This post was originally to be called ‘Belgrave, the Helm Connection’ but few would recognize either name. The majority of Port Hope’s residents will however be familiar with the name Greenwood Tower. John Helm Jr. (1816-1912) was best known around Port Hope as the builder of Belgrave House located at 162 Peter Street and its famous water tower. Belgrave is a beautiful large brick Italianate style Victorian house built in 1866. Although an amazing mansion, this post was written more for the interesting story of the famous Water Tower and the early industrialist that built it.
John Helm Jr. built the water tower shortly after constructing the mansion on his thirty acre estate on Peter Street north of Lake Ontario. Built in 1877, from red bricks said to be kilned on the property, the four storey tower enclosed a five thousand gallon water container which was used to supply the house and property with running water. The water for the tower was supplied from the lake by a steam engine pump to a reservoir tank ten feet wide and approximately fifty feet high. Access to the fourth storey is by a wooden spiral staircase. Gravity-fed underground pipes provided irrigation for his five acres of lawn and gardens and provided water in case of fire. A large water storage tank was also installed in the attic of the mansion as a back-up to the tower water supply. When the tower water level dropped, a cantilever devise automatically switched over to the attic supply. Thomas Little on Pine Street, a prosperous boot & shoe dealer was the only other person in town pumping water to his home. Belgrave, the Helm estate remained in the family until 1920 and the tower today is historically designated.
In 1872, the town fathers were investigating the possibility of establishing a system of underground water pipes for fighting fires. Helm offered to install the water pipes for the Municipal Waterworks and after two years of procrastinating and a series of major fires the town agreed to the offer. Helm was to lease the power from his dam for fire- fighting. Helm then completed the job by supplying a rotary water pump and turbine in the town water works building adjacent to his dam across from the town hall. He constructed nearly a mile of fourteen hydrants along John, Queen, Ontario and Walton Streets as far west as Brown Street. It is interesting here to note that John Jr. learned his trade from his father John Helm Sr. at his foundry located in Cobourg. This foundry was known as the ‘Ontario’ or ‘the old Helm Foundry’ when James Crossen Jr. took it over and later created the Crossen Car Company, manufacturing rail cars.
John Jr. was a prominent local businessman and he established a foundry and machine shop on Mill Street in 1849. Here he produced steam engines, boilers, mowers, threshing and reaping machines. The foundry was later moved to Queen and Peter Streets and the machinery was water powered by the Helm’s Dam on the Ganaraska River. As a machinist, in 1880 he entered a partnership with Robert Nicholls doing business as Helm & Nicholls Machinists. This business now operated several lathes for turning and planing machines for both iron & wood. At one time the mill employed 20 hands and all machinery was later propelled by a steam engine, likely because the mill pond dam was damaged by one of the many severe floods to plague the Ganaraska River. An 1858 Board of Agriculture paper proclaimed the Helm Foundry was producing the best reaping machine and the best mowing machine in Canada, in competition with H.A. Massey of Newcastle Ontario. An early advertisement in the Province of Ontario Gazetteer read “Great Economy in Water Power! The American Double Turbine Ohio Water Wheel Manufactured at Port Hope, Ontario by John Helm Jr. for particulars send for circular”. J.Helm was the Treasurer of the local Benevolent Society for more than twenty years after its establishment by another famous local citizen William Craig in 1862. Helm also served as a town councillor for some years and was a devoted Mason as well.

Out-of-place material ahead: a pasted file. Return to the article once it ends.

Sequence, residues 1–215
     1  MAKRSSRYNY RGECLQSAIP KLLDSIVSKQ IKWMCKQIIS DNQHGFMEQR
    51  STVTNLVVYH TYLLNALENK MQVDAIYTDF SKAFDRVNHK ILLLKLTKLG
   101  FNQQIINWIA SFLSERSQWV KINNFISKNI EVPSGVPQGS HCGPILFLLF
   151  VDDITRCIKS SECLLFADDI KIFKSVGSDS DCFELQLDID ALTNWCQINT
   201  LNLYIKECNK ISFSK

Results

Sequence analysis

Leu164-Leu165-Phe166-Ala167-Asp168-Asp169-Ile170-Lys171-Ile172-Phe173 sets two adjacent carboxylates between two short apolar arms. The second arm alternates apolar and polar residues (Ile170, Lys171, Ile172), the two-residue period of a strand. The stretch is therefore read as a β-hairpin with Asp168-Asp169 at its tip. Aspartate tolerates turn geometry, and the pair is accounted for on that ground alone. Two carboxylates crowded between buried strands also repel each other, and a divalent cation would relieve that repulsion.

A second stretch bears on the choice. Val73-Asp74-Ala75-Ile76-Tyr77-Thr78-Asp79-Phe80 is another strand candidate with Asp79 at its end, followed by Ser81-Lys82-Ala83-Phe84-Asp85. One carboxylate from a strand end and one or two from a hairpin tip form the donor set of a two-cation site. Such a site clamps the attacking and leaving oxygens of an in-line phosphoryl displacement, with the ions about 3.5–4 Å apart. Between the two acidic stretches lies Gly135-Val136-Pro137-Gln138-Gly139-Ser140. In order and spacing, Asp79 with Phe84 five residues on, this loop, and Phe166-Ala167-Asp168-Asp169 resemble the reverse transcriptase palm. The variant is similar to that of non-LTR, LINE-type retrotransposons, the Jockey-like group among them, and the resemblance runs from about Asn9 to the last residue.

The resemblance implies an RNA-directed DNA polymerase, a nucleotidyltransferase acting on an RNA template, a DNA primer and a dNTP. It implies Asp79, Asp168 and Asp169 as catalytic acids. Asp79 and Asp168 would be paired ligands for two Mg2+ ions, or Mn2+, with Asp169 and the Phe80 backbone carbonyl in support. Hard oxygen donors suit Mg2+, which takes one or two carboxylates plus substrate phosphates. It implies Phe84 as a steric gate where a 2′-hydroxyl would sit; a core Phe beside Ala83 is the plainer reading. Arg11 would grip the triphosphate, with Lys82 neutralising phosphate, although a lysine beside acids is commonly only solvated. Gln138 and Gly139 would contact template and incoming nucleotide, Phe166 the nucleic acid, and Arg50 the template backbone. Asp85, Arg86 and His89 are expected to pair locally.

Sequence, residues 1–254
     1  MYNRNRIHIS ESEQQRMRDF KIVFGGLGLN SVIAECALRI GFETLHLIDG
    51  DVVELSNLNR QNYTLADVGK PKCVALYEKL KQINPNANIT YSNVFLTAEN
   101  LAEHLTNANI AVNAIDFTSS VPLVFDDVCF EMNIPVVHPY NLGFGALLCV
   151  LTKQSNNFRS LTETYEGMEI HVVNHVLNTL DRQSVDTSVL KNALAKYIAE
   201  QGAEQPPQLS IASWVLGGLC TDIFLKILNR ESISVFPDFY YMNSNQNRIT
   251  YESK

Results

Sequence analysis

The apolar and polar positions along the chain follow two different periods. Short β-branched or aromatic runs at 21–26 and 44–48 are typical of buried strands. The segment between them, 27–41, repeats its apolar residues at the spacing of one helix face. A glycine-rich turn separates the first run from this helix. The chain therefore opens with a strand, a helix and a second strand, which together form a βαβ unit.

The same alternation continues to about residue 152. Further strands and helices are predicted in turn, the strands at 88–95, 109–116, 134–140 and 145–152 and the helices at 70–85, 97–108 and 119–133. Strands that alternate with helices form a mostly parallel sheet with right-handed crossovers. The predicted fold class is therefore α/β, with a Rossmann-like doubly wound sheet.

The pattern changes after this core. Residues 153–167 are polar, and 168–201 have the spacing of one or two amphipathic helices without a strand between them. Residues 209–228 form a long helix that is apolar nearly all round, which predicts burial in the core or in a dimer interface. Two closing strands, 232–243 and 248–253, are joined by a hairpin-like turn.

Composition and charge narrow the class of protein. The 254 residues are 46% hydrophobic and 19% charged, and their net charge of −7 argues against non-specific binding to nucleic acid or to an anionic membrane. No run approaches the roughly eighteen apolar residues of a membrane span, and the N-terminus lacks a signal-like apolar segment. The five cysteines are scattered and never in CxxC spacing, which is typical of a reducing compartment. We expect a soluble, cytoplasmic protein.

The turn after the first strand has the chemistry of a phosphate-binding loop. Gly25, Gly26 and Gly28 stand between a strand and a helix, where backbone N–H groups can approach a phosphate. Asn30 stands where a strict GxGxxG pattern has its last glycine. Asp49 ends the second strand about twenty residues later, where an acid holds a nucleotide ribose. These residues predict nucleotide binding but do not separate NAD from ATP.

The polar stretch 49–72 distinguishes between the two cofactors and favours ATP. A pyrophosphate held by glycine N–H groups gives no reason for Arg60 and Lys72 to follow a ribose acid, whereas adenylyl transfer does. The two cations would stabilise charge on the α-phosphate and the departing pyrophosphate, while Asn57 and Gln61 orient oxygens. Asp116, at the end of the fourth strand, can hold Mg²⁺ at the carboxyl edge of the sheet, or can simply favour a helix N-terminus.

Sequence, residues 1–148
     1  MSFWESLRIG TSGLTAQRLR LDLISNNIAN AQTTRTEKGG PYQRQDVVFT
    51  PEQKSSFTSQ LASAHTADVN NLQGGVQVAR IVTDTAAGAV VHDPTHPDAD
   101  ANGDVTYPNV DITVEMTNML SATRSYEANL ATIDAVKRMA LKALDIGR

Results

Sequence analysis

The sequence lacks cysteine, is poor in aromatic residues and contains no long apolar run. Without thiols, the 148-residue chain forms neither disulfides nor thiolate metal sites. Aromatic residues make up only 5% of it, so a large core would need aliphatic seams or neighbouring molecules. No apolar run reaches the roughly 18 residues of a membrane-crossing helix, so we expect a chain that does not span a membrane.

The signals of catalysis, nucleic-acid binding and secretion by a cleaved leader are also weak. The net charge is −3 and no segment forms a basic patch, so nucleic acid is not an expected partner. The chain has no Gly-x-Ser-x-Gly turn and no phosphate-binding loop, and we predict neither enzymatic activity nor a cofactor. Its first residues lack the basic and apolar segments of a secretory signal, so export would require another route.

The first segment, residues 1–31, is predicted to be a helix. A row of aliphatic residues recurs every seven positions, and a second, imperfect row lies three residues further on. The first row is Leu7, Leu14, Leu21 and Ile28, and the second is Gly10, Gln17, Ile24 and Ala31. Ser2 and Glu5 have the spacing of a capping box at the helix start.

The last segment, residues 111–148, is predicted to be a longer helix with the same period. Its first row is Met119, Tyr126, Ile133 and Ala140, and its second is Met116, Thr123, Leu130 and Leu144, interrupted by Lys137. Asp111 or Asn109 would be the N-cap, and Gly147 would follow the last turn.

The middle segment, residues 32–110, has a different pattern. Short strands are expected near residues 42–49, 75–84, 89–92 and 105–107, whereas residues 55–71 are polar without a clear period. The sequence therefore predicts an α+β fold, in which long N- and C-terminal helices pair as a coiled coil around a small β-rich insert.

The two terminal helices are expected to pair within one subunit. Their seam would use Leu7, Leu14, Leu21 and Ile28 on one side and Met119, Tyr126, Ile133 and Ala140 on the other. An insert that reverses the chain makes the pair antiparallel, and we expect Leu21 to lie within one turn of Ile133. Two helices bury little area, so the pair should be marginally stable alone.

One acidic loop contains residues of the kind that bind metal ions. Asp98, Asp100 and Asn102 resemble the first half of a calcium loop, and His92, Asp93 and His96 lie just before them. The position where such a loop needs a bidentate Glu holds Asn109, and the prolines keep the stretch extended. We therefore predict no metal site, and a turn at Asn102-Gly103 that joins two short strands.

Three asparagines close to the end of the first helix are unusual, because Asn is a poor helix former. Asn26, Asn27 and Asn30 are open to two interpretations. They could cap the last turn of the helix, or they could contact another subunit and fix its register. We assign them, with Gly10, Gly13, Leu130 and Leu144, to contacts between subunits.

Another historical home in Port Hope is the R. Charles Smith House, a Regency mansion circa 1858 located at 61 King Street. This house stands across the street from Charles’s father the owner of the famous Bluestone House. The Smith House was bought in 1884 by Cobourg born John Henry Helm Sr. This house is best remembered even today as the Helm House as John Henry Helm’s family and his descendants resided here from 1884 until 1968.
When Helm died in 1912 at the age of 94, he left to the County of Northumberland the land surrounding his home and one hundred thousand dollars (the equivalent of over two million today) to build a large modern hospital, as the district had only a few small hospitals, mostly in private homes. This plan never materialized because several parts of the County, including Cobourg rejected the idea of co-operation… does this sound much like things even today? The County lost the offer, the land remained with the Helm family and sixty percent of the cash went to hospitals outside the area. What was left was divided between Port Hope and Cobourg to build small hospitals of their own. Port Hope’s first hospital was located in an existing house at the corner of Hope and Ward Streets and its last, paid for by local citizens was located at 53 Wellington Street It took until 2003 before Helm’s ambitious hope for a regional hospital to be realized. The Northumberland Hills Hospital was built in Cobourg, Ontario.
The Greenwood Motel with forty rooms was built to the west of the property in the mid 1970’s and is now used as small residential units. The three storey Tower of Hope Retirement Residence, an assisted living facility is situated on the east side of the property.